A 30-minute drive past El Paso’s city limits in any direction leads to the Chihuahuan Desert sand, shrub and mountains, as far as the eye can see. Going north, the drive will lead to a secluded training ground, part of Fort Bliss, which holds an important mission in the United States Department of Defense.

     McGregor Range Complex consists of over 678,000 acres of training ground, designed to provide deploying units the space required for pre-deployment certifications, a requirement to deploy.

     To support the medical needs of service members in training, at times over 14,000 service members, U.S. Army Reserve Medical Command’s 7413th Troop Medical Clinic (TMC), out of El Paso, Texas, provides 35 reserve-component Soldiers specializing in everything from preventive health to radiology.

     “We’re the first TMC to take that building so our mission was to open, set up and support the McGregor range Aid Station for all Soldiers training, (mobilizing or demobilizing) out of McGregor Range,” said Maj. John Bricker, Officer in Charge 7413th TMC.

     Since the 7413th TMC’s activation, their mission has evolved from simply setting up and beginning operations at McGregor Range to supporting over 4,000 National Guard, Army Reserve and active-duty service members with Level I+, or role one+, medical care; which provides triage and treatment, while also offering laboratory and X-ray services.

     The small company of 35 Soldiers also supports operations for surrounding primary care, preventive health and dental clinics.

     “A lot of these (reserve-component and National Guard) units don’t have medical assets, that’s when we provide level I care,” said Bricker. “The majority (of units at McGregor Range) are National Guard. They are training to get certified and (deploy).”

     Because deploying units have strict schedules, the health of Service members is essential to unit readiness and success.

     “We try to get (Soldiers) back to training because that’s the whole deal. Soldiers come from Nebraska, Wisconsin and are not used to (hot, dry climates),” said Brinker. “Each individual Soldier has training requirements that they need to complete, if they aren’t in the field training their missing out on that requirement and essentially their unit may not get certified.”

     Aside from acclimatization, occupational risks also pose a threat to unit readiness as deploying Soldiers reacquaint themselves with the armored equipment and vehicles needed during missions.

     “Most injuries are musculosketal injuries and respiratory issues,” said Bricker, adding that over the unit’s year-long mission over 700 cases were due to musculosketal injuries.

     Preparing for upcoming training is essential for mission success, as the company is kept in the loop regarding upcoming troop movements to prepare for increased operations. One of the unit’s busiest periods occurs during Exercise Roving Sands, a three-week long joint air defense exercise which welcomes over 10,000 Soldiers to the training grounds and simulates combat operations in an austere environment.

     “They’re here to train and get ready to go,” said Capt. Bernardo Black, a case manager with the 7413th TMC. “When they are sick we do what we have to do, if that means we’re open for 24 hours then we open 24 hours.”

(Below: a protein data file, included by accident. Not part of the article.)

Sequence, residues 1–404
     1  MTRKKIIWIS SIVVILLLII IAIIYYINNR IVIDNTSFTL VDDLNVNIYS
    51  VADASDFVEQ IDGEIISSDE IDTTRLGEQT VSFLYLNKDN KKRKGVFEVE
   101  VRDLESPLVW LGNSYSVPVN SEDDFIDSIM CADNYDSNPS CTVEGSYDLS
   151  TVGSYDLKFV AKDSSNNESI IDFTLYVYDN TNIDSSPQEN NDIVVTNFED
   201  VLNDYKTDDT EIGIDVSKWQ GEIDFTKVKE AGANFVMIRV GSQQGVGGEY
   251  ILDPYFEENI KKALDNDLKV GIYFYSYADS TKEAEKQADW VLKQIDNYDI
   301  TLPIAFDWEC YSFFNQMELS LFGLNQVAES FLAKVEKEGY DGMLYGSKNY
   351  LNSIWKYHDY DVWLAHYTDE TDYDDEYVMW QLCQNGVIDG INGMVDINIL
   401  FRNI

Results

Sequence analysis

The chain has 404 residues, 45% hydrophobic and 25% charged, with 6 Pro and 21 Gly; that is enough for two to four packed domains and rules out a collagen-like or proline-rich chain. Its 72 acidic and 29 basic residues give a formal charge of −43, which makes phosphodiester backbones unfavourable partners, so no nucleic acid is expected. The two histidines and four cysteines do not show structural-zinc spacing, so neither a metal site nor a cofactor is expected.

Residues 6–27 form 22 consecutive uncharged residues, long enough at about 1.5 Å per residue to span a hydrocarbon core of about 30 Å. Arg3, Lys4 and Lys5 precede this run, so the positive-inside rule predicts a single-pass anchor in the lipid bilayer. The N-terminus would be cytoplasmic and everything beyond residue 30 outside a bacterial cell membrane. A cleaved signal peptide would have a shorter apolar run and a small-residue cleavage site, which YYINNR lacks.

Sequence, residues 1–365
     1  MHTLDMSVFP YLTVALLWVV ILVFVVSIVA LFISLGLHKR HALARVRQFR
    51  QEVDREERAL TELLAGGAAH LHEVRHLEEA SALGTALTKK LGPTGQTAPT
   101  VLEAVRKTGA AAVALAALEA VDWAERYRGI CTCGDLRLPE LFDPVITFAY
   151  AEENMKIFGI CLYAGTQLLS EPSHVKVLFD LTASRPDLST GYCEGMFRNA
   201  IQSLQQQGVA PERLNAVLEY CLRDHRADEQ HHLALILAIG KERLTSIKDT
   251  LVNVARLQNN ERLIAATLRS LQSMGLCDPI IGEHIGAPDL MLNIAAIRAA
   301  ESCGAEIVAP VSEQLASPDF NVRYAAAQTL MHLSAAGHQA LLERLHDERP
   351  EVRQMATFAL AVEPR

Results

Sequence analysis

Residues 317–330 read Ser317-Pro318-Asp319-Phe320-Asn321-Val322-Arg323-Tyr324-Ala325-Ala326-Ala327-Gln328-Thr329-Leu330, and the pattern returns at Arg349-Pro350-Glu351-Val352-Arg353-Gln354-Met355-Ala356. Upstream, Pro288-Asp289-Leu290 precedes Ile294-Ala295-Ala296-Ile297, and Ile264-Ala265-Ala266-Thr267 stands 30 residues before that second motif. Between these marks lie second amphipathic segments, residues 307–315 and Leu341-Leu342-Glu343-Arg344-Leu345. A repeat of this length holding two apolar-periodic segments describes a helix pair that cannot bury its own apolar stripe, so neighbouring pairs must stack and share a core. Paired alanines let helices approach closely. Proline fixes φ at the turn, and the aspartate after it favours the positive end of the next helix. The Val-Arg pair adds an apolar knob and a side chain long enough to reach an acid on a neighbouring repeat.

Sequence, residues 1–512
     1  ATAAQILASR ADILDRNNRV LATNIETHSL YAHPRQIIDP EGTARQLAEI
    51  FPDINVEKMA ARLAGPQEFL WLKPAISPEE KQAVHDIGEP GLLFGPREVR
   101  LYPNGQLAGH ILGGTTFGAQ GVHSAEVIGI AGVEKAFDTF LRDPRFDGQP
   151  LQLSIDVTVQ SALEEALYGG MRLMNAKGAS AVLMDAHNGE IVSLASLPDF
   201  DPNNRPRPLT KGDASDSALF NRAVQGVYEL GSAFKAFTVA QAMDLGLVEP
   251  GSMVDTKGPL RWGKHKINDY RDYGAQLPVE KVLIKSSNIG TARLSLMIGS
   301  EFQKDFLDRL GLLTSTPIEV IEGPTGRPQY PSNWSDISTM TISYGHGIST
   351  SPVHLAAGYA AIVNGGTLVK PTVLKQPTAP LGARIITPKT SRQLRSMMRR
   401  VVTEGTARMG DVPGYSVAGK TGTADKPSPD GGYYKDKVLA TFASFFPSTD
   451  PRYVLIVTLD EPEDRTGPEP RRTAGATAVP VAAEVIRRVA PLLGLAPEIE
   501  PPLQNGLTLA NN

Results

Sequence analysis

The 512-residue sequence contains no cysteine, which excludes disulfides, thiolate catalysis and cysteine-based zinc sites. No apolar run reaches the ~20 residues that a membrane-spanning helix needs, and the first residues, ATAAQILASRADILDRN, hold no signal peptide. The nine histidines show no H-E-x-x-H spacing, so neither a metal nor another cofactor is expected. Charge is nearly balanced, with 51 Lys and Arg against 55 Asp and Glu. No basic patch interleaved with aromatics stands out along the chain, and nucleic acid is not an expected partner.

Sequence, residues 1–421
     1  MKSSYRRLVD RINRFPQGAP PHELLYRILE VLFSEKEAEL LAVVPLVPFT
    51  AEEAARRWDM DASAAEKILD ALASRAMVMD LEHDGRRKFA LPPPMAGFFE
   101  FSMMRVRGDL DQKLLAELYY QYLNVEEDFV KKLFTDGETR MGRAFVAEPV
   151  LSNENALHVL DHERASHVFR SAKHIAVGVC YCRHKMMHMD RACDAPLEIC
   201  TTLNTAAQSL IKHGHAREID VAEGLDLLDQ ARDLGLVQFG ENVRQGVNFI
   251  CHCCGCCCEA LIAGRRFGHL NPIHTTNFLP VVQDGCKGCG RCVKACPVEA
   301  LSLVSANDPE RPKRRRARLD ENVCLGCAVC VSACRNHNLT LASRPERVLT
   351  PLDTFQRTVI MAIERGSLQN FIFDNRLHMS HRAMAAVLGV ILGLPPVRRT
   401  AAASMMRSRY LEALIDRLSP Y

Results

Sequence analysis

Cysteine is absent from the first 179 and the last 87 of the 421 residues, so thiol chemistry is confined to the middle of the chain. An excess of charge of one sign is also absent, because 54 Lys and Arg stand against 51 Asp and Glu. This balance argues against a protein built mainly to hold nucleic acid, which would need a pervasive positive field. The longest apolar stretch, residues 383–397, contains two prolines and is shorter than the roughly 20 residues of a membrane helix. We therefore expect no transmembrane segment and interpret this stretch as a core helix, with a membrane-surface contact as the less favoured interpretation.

For the 7413th TMC, the year-long activation tests their readiness, while offering opportunities to develop the Soldiers of the unit.

     “We train as if we’re going to leave at any time. One of our Soldiers is a retail store manager, but here he’s a medic,” explains Black. “He’s getting great exposure, got back up to par and is a great medic so if they need him (to deploy overseas) he’s ready to go. For a whole year he’s been training for what the Army needs him to do.”

     While the mission comes first, Soldiers within the unit are still taking opportunities during mobilization time to progress their Army skills through courses such as Basic Leaders Course and Air Assault. Regardless of formal training opportunities, Soldiers participate in unit training aimed at increasing proficiency in medical skills. The training, sometimes referred to as Individual Critical Task List (ICTL), identifies deficiencies in common medical skills and builds on those skills.

     Because Fort Bliss serves as one of the U.S. Army’s Mobilization Force Generation Installations (MFGI), which provides training support capability to reserve-component units, McGregor Range stays busy 24/7, which makes tracking each Soldier for continued care, complicated for the range’s medical entity. 

     “If a soldier gets hurt we have to track that Soldier from point A to point B and where they are going next,” said Black. “Sometimes we have to consult with commanders, but in the end we’re the medical authority. We’re going to do everything in our power to get Soldiers back to normal, but we make sure Soldiers aren’t away from training longer than needed.”

     The 7413th TMC’s effectiveness has been recognized by William Beaumont Army Medical Center as the region’s top primary care clerks, as determined by the Joint Outpatient Experience Survey (JOES), while also receiving recognition from the U.S. Navy for supporting their training at the range as well.

     On Feb. 11, the unit transferred authority to the 7412th Troop Medical Clinic and will demobilize in March 2019, returning to their homes to await their next mission, more ready than ever.